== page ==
Building a Winner: Putting Your Child on the Right Track for Education, Developing Attention Skills
A child who is inattentive is frustrating for both parents and teachers. Directions need to be repeated. The child may not complete tasks. These behaviors are exasperating and may hinder the child’s progress in school and impact his or her social interaction and ability to make friends. In general, children can only stay focused on a task for two to five minutes times his/her age. This means a child of four can only pay attention for 8-20 minutes.
A research study found that children who were rated high by their parents on attention and persistence had a 50% greater chance of earning a bachelor’s degree by age 25 than did children whose parents rated them low. This means that if your child can pay attentionand persist on tasks at age four, the odds of s/he completing college are greatly increased.
Children who have a hard time paying attention may have difficulty controlling their emotions as learning and attention require the ability to regulate emotions. When a child is stressed or fearful, s/he cannot control his/her emotions and focuses on other things. When something is more pleasurable and stimulates interest, children can pay attention more easily. A child may find it more difficult to pay attention in school to those activities he/she finds unpleasant such as math problems or writing an essay.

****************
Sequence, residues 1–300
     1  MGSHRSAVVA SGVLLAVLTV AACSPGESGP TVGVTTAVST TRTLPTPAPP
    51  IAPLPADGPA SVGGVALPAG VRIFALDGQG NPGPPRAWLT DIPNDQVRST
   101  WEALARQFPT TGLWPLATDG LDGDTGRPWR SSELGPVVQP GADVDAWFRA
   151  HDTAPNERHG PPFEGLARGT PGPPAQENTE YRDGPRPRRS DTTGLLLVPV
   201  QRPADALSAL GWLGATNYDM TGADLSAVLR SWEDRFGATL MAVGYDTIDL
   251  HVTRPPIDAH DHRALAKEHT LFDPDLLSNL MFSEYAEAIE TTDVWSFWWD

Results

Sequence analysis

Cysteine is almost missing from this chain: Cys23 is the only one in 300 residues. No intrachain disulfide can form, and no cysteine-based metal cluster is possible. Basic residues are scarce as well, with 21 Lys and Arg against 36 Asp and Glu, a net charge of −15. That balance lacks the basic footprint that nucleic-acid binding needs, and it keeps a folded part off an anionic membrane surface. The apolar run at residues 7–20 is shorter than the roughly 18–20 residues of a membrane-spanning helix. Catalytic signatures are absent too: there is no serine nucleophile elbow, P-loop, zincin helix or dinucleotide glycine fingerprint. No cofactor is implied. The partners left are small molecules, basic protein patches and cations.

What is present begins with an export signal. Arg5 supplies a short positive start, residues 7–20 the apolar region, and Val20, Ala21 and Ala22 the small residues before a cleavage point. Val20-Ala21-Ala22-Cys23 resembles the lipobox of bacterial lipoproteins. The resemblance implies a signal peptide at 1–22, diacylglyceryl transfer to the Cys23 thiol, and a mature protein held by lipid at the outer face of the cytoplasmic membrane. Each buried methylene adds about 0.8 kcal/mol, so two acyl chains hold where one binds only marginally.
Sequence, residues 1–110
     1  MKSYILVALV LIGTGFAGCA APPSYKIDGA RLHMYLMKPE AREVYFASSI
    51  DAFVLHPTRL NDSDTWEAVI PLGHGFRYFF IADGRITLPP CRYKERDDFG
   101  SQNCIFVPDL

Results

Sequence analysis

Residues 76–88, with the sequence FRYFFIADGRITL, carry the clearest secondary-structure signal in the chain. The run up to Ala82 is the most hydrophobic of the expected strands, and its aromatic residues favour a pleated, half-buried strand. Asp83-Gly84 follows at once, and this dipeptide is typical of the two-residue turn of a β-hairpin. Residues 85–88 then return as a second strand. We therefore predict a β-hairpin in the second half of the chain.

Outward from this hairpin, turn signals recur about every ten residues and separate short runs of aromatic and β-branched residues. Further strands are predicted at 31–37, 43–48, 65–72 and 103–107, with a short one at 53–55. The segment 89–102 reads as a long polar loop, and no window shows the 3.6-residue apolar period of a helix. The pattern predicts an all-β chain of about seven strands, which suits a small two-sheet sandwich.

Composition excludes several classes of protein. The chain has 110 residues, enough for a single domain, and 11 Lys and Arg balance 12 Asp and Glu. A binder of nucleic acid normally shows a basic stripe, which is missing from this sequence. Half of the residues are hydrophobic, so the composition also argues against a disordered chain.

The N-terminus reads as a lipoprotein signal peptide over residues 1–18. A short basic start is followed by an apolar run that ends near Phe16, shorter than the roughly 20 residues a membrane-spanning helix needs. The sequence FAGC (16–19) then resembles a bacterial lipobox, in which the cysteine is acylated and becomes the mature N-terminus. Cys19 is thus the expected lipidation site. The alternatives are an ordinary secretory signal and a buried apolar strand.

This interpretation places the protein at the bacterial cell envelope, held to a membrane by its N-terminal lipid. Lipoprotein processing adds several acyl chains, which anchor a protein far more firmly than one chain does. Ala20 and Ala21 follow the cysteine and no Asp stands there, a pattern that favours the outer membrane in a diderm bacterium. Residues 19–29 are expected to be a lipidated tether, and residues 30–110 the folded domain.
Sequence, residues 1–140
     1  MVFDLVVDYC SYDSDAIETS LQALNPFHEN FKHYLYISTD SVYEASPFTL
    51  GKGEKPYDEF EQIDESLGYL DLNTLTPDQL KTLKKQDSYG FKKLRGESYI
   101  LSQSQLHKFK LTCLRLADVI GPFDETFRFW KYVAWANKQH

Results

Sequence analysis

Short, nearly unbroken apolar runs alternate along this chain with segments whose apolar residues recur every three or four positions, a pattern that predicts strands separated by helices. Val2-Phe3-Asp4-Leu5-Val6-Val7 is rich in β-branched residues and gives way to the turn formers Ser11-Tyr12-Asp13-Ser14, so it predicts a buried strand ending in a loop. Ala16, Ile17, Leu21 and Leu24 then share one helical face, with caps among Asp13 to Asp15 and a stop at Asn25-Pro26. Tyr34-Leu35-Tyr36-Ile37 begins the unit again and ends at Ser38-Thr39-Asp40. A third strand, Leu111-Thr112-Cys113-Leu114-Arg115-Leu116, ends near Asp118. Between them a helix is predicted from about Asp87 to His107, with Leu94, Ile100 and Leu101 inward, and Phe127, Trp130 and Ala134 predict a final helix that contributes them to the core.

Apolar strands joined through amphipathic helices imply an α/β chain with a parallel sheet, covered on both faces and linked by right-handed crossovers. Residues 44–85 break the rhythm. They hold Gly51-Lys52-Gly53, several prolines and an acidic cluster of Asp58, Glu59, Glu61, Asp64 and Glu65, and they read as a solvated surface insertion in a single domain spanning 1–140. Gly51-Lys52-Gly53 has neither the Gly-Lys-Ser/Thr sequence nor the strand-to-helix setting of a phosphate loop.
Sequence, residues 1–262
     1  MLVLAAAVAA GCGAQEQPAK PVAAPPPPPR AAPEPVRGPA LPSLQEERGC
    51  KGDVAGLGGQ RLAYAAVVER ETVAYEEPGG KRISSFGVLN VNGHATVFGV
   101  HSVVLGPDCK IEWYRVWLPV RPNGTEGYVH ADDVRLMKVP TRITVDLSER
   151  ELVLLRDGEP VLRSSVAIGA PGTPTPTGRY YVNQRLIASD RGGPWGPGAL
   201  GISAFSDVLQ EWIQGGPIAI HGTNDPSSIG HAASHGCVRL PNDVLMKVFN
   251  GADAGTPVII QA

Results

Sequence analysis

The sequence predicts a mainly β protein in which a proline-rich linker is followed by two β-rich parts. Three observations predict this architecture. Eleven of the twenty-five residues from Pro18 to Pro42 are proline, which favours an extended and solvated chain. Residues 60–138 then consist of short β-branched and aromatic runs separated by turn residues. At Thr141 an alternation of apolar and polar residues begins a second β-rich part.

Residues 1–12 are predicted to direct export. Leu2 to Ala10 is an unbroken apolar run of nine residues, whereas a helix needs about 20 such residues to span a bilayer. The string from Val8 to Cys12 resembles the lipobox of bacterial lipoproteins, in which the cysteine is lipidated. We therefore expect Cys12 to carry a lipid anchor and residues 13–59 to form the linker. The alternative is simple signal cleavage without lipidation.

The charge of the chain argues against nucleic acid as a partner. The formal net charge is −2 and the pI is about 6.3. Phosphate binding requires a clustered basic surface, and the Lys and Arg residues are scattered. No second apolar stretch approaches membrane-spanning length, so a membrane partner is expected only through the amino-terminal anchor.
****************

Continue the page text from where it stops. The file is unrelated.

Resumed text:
As adults, many of us try to multi-task. This is less useful that it seems. While trying to pay attention to several things at once, we do not give full attention to anything. In order to get your child’s attention, you need to model giving attention. When working with your child, make sure you pay full attention to the child. Be a positive role model.
The following are tips to help you develop your child’s ability to pay attention.
Stand close to your child. Make physical contact. Have the child look you in the eye. Give directions in a clear, calm manner. Break down complex instructions into a series of shorter instructions.
Before starting activities that require close attention, check to see that your child is not hungry or tired. Give healthy snacks before structured activities or homework and give a break between activities. Have your child do some physical activity as this can release stress and help your child focus better.
Limit television, computer and video game time. These can over-stimulate children and shorten attention spans. Introduce activities that will increase your child’s attention span such as playing games, reading and direct discussions.
Use the arts. When children take on the roles of other characters and pretend, they can attend to tasks for a long time. Consider using music as an engaging way to develop focus.
Make your child feel secure. When your child is nervous, feels threatened or feels s/he cannot perform the task, it is more difficult to focus on the task at hand. Once the “threat” is removed, the child will enjoy new and stimulating activities.
Roslyn A. Haber, Ed.D and Marlyn Press, Ed.D are Associate Professors at Touro College Graduate School of Education